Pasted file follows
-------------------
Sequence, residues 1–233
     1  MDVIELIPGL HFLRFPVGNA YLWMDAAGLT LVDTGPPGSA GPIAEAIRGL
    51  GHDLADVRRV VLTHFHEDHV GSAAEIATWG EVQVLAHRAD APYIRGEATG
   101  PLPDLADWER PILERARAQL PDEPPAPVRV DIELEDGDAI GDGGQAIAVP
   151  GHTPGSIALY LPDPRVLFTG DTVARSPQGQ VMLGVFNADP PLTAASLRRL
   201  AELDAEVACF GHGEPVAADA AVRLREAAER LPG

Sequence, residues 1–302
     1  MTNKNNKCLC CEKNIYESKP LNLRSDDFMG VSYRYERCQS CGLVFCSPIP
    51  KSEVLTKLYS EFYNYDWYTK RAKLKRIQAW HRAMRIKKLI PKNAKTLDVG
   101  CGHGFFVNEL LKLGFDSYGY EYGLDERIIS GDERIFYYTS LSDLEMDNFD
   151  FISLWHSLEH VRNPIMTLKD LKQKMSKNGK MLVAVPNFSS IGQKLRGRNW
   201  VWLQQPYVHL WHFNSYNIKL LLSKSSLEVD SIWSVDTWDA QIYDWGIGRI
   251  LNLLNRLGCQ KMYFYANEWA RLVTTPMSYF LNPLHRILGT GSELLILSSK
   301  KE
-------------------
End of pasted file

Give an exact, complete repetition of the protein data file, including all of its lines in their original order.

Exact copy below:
Sequence, residues 1–233
     1  MDVIELIPGL HFLRFPVGNA YLWMDAAGLT LVDTGPPGSA GPIAEAIRGL
    51  GHDLADVRRV VLTHFHEDHV GSAAEIATWG EVQVLAHRAD APYIRGEATG
   101  PLPDLADWER PILERARAQL PDEPPAPVRV DIELEDGDAI GDGGQAIAVP
   151  GHTPGSIALY LPDPRVLFTG DTVARSPQGQ VMLGVFNADP PLTAASLRRL
   201  AELDAEVACF GHGEPVAADA AVRLREAAER LPG

Sequence, residues 1–302
     1  MTNKNNKCLC CEKNIYESKP LNLRSDDFMG VSYRYERCQS CGLVFCSPIP
    51  KSEVLTKLYS EFYNYDWYTK RAKLKRIQAW HRAMRIKKLI PKNAKTLDVG
   101  CGHGFFVNEL LKLGFDSYGY EYGLDERIIS GDERIFYYTS LSDLEMDNFD
   151  FISLWHSLEH VRNPIMTLKD LKQKMSKNGK MLVAVPNFSS IGQKLRGRNW
   201  VWLQQPYVHL WHFNSYNIKL LLSKSSLEVD SIWSVDTWDA QIYDWGIGRI
   251  LNLLNRLGCQ KMYFYANEWA RLVTTPMSYF LNPLHRILGT GSELLILSSK
   301  KE